To Hat Yai, buses (16B), minivans (20B) share taxis (25B) take around 40 minutes and leave from Th Ramwithi. Minivans to Pat-tarn and Yala (70B) leave from the southern part of Th Sisuda, while ordinary buses to Nakhon Si Thammarat (70B) leave from the not-very-useful bus terminal south of town.

Boat Towards the head of Laem Songkhla (Songkhla’s finger-like peninsula), there is a government-run ferry that plies the short distance across the channel where the Tha­leh Sap Songkhla inland sea meets the Gulf of Thailand. The barge-like ferry carries about 15 cars, plus assorted motorcycles and pedestrians. The fare for the seven-minute ride is 18B per car, 5B per motorcycle and 1B per person; it runs 5am to 9pm daily.

Getting Around

Share taxis to the Hat Yai airport cost 150B to 180B; private taxis charge 400B.

SAwngthaew circulate around town for 10B. Motorcycle taxis around town cost 10B to 20B; rates double at night.

Amsterdam and Abritus guesthouses rent bicycles and motorcycles; LoBo Cafe just rents motorcycles. Prices are 100B per day for bicycles, 200B for motorcycles.


Songkhla Zoo

This is a new (and not quite finished), sur­prisingly humane and unusual zoo ( 0 7433 6038; admission per person/car/motorcycle 30/30/108; open 9am-6pm daily). The hilly enclosures are large and in a natural setting, with lots of greenery between exhibits. So much greenery, in fact, that the whole place really needs to be explored in a vehicle — distances are almost too long to walk. Roads lace the mountainside where the zoo is located connecting the exhibits to each other (this lofty setting affords occasional good views of the surrounding country­side). Unfortunately the zoo’s roads are pretty close to the animals, who are no doubt exposed to the motor noises.Animals on display include rhinos, ele­phants, ostriches, camels, orang-utans, chim­panzees, and birds such as flamingos, parrots and hornbills. If you’re lucky you can watch the tigers being fed: plucked chickens are suspended from ropes, and the beasts take running leaps out to grab them.

The zoo is south of Songkhla about 5km. on the Songkhla—Chana road. Follow the signs; the turn-off is at the Esso petrol sta­tion, then it’s another 500m to the gate. It’s best to rent a motorcycle (or bicycle if you like pedalling up hills) to get here, since then you’ll have transport within the zoo.

Ko Yo

An island set in the inland sea, Ko Yo (pro­nounced kaw yaw) is a peaceful, country‑

road-filled place surrounded by fish farms and supporting a small cotton-weaving in­dustry. The good-quality, distinctive phda kaw yaw is hand woven on rustic looms and available on the spot at `wholesale’ prices – meaning you still have to bargain but have a chance of undercutting the usual city price. There are many different households around the island engaged in cotton weaving and they sell their wares at a small market off the highway. You can hire a motorcycle in Songkhla (make sure you know how to operate one first, however) and tour the quiet backroads of Ko Yo: tiny villages, scenic coastline, forested hills, spiritual wat — it’s a very local treat, and off the beaten track. And don’t leave Ko Yo without trying its famous sea­food: look for shorefront restaurants along the island’s main road. Folklore Museum At the northern end of the island, about 2km past the market, is this large and excellent museum ($ 0 7433 1184; admission 50B; open 8.30am-5pm daily) run by the Institute of Southern Thai Studies. Opened in 1991, the complex of Thai-style pavilions overlooking the Thaleh Sap Songkhla contains well-curated collec­tions of folk art, as well as a library and sou­venir shop. Be ready to hike, however; the museum ripples down a hillside, each dis­play room connected by stairs, stairs and more stairs. Displays include pottery, beads, shadow puppets, basketry, textiles, musical instruments, jewellery, boats, religious art, weapons, and various household, agricul­tural and fishing implements. Among these is a superb collection of coconut-grater seats carved into various animal and human shapes, as well as a glassware display that Martha Stewart would salivate over. On the institute grounds is a series of small gardens, including one occasionally used for traditional shadow-theatre performances; a medicinal herb garden; and a bamboo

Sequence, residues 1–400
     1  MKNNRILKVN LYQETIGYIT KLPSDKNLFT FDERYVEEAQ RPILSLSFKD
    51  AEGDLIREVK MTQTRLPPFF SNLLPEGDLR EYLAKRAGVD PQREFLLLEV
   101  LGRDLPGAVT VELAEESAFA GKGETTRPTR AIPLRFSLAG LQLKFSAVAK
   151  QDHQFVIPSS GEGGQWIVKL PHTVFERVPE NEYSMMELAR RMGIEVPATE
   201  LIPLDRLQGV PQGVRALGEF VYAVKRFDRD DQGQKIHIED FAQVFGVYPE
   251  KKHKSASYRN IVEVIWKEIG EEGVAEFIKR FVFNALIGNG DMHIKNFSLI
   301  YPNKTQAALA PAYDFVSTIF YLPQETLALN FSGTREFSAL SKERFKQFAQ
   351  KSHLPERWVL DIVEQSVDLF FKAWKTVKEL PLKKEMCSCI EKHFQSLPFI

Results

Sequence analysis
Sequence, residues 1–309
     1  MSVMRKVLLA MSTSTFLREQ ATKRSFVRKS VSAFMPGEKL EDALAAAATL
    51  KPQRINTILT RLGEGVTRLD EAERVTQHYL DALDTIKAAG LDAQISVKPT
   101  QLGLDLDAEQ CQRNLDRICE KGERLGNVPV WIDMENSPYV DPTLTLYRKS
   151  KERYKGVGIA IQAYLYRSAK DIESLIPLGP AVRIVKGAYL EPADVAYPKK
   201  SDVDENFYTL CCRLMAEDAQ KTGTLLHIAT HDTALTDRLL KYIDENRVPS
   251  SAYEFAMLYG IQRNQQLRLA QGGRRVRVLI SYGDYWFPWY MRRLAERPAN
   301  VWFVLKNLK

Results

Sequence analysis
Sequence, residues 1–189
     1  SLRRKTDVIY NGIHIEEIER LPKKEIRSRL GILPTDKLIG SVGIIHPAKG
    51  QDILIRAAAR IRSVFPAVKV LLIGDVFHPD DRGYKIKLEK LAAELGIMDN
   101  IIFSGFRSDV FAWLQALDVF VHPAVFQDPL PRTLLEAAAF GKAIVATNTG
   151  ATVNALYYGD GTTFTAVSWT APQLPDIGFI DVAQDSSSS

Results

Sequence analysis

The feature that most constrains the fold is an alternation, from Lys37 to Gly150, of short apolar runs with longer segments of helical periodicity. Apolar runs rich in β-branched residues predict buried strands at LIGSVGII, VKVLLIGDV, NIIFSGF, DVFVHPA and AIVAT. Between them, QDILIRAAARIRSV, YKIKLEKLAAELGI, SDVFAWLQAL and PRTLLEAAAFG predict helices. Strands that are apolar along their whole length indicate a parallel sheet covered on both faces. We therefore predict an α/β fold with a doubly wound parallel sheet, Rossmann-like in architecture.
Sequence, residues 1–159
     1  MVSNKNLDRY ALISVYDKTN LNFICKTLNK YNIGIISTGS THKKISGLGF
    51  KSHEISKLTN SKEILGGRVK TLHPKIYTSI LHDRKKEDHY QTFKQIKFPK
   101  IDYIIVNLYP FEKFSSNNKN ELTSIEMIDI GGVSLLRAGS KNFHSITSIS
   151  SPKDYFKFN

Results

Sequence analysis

ture garden.

Getting There & Away Frequent sAwng­thAew to Ko Yo leave from Th Platha in Songkhla (10B, 30 minutes). To stop at the small market ask for nda talaat, `in front of the market’. To get off at the museum, about 2km past the market, ask for phiphithdphan. Buses to Ranot pass through Ko Yo for the same fare. You could also hire a motorcycle in Song­khla and scoot your way here, even making a loop north, coming back into town via the short ferry ride across the channel. This is a long distance, though — about 20km — and it includes hairy highways and windy bridges. Make sure you’ve completely mastered the art of motorcycle driving in Thailand.

Of course you could also rent a bicycle to do this ride, but unless you’re a Greg LeMonde wannabe you probably shouldn’t risk the next-day leg-muscle cramps.

Khukhut Waterbird Sanctuary

On the eastern shore of the Songkhla inland sea, about 30km north of Songkhla near the village of Sathing Phra, is a 520-sq-km sanctuary for waterbirds. Together with the similar Thaleh Noi Wildlife Preserve in Phattalung, the wetlands are habitat for over 200 resident and migrant bird species from the entire Thaleh Sap, including bitterns, egrets and herons (these three are called n6k yaang in Thai), rare Javanese pond herons, fishing eagles (nok yiaw plaa), cormorants (ndk kaa nkam), storks, kites, hawks, falcons, plovers, sandpipers, terns (nok naang nuan) and kingfishers. A book that’s available from the park office ( 0 7439 7042) has detailed informa­tion on the waterbirds and maps showing their habitat. The best months to go bird-watching are November and December, and the worst are from May to August. The park office also arranges boat trips – it’s about 250B for a one-hour bird-watching excursion, and 500B for two hours to see birds and stop at two islands. Each boat can hold up to seven people. Buses to Sathing Phra are 20B . take a red Ranot-bound bus. From the bus stop in front of the Sathing Phra district office you can walk the 3km to the park, or get a motor­cycle taxi for 20B.